Addiction seems to be a very difficult subject about which to generalize. Or maybe it is too easy to generalize about, and the holdup lies in the unlikelihood of reaching an agreement on any particular generalization. A lot of things don’t quite line up. For instance, Dr. Pretlow has written, “The mechanism of action is theorized to be inhibition of the brain’s reward mechanism. Yet, nail biting doesn’t really involve the reward mechanism.”
Or does it? If the person feels that there is something existentially offensive about that segment of fingernail, then once it has been removed, surely satisfaction is felt? In most cases, to eliminate a pesky annoyance can be quite rewarding. Because humans are so complicated, the whole concept of reward might stray into strange territory. Staff writer for The Atlantic Sarah Zhang wrote,
In particular, GLP-1 analogs affect dopamine pathways in the brain, a.k.a. the reward circuitry. This pathway evolved to help us survive; simplistically, food and sex trigger a dopamine hit in the brain… In people with addiction, this process in the brain shifts as a consequence or cause of their addiction, or perhaps even both.
Consider opioid dependency, which usually leads to a diminished sex drive and a raised probability of people lying to their partners about why they are not in the mood. Where does this leave the traditional concept of sex as one of the most irresistible rewards?
The individual and the forces
After searching eight databases and coming up with seven suitable English-language studies published as recently as last month, researchers have undertaken a brand new multi-author meta-analysis of information on personality traits associated with childhood obesity.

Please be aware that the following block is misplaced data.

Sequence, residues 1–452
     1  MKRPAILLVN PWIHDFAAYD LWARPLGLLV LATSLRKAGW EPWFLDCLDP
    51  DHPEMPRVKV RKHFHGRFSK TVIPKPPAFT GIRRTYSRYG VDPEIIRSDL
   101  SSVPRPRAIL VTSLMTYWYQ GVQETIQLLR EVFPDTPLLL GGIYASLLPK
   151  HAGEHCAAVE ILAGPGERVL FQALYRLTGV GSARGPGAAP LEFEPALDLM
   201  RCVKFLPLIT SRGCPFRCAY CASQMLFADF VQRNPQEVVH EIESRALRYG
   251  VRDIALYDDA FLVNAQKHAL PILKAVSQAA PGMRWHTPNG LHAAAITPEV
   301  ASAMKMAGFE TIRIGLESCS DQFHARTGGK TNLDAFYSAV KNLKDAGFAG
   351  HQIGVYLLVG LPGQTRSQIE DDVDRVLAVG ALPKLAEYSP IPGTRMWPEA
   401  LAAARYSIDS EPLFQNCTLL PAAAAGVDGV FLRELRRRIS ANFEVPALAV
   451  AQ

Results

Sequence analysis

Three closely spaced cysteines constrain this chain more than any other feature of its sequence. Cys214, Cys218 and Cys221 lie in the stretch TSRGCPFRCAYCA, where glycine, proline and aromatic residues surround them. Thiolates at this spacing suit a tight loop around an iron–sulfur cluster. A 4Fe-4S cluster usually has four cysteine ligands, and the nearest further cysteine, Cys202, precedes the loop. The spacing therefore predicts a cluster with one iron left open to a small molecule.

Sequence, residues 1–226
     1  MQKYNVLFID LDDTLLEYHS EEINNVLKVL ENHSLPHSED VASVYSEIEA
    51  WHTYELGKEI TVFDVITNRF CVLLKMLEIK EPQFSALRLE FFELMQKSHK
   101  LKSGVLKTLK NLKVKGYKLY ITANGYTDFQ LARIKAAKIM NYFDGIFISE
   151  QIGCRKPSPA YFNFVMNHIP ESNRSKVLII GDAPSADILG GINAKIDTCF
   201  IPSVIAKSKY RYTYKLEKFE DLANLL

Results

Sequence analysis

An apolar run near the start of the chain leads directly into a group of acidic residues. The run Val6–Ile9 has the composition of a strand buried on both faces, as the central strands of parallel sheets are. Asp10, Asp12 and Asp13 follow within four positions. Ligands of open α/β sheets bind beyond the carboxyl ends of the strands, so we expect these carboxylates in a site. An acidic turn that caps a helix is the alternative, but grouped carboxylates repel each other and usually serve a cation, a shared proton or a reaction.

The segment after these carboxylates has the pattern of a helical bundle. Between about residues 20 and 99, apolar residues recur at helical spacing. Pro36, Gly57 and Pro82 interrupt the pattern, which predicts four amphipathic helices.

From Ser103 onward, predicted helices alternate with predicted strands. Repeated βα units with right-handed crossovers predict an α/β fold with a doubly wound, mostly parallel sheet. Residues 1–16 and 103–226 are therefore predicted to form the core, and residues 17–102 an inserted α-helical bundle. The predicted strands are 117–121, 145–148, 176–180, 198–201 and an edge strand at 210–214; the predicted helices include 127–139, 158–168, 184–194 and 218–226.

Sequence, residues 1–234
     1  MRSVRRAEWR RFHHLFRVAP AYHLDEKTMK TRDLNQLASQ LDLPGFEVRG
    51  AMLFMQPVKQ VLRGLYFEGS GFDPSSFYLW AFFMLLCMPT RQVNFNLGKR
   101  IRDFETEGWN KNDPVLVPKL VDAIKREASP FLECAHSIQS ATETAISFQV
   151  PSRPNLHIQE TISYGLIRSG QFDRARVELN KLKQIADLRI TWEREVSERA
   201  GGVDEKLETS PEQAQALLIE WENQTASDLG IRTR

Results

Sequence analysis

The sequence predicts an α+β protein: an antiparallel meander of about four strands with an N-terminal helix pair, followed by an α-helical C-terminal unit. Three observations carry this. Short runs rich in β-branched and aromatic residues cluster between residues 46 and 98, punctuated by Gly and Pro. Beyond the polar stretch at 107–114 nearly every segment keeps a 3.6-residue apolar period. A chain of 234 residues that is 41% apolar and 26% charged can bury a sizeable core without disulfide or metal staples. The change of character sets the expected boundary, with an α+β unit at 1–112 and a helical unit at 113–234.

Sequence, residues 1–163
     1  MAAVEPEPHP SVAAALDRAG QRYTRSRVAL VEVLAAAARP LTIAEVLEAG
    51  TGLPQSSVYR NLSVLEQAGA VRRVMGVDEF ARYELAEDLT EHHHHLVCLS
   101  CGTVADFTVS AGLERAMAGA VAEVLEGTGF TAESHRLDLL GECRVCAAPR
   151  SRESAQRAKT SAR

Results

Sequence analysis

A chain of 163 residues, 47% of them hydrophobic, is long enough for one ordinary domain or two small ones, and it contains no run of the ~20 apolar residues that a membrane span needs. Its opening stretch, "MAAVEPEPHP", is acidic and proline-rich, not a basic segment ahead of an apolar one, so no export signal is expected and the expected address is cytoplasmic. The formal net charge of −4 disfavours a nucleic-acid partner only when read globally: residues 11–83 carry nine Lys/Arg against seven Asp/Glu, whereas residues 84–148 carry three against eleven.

Despite multifaceted attempts to prevent and impact the problem, “the overall progress of childhood obesity interventions has been far from satisfactory.” Childhood obesity continues to rise in countries with low, middle, and high-income levels among their residents. Meanwhile, adult studies show that the influence of personality traits on obesity counts even more than the influence of socioeconomic factors.
The authors say,
One critical reason is that most of the existing interventions only focused on the proximal factors of obesity such as behaviors, but paid little attention to the rooted drivers motivating behavioral changes such as personality traits.
Studies in the adult population have shown that the influence of personality traits on obesity was even greater than that of socioeconomic factors and the FTO gene.
The Five-Factor model posits five dimensions of personality traits, namely extraversion,
agreeableness, neuroticism, openness, and conscientiousness. Together, these are said to
“reflect a person’s inherent patterns of cognition, attitude, emotion, self-regulation or coping strategies and have been shown to be related to multiple health-related behaviors.”
As it turns out, the only trait that merited attention in this context was conscientiousness, “the tendency to be self-controlled, perseverant, and disciplined to social norms” — and the association is a negative one. In other words, children who score low on that quality have more of a tendency to be obese. According to the study results,
A growing body of evidence has revealed an association between personality traits and obesity, but the findings regarding this association among children remain mixed. Causal associations of personality traits with the risk of childhood obesity remain to be clarified in future studies.
No consistent patterns were found in the associations between the other 4 dimensions of personality traits and BMI/obesity in children.
It is hoped that digging into this subject will throw some light on the effect that the new drugs might have on younger users. Not much is there yet, but it is definitely the sort of thing that needs to be looked into, before blithely authorizing the prescription of the -tide drugs to kids.
Your responses and feedback are welcome!
Source: “Did Scientists Accidentally Invent an Anti-addiction Drug?,” TheAtlantic.com, 05/19/23
Source: “The association of personality traits with childhood obesity: A systematic review and meta-analysis,” ScienceDirect.com, November 2023
Image by Michael Nuccitelli/Public Domain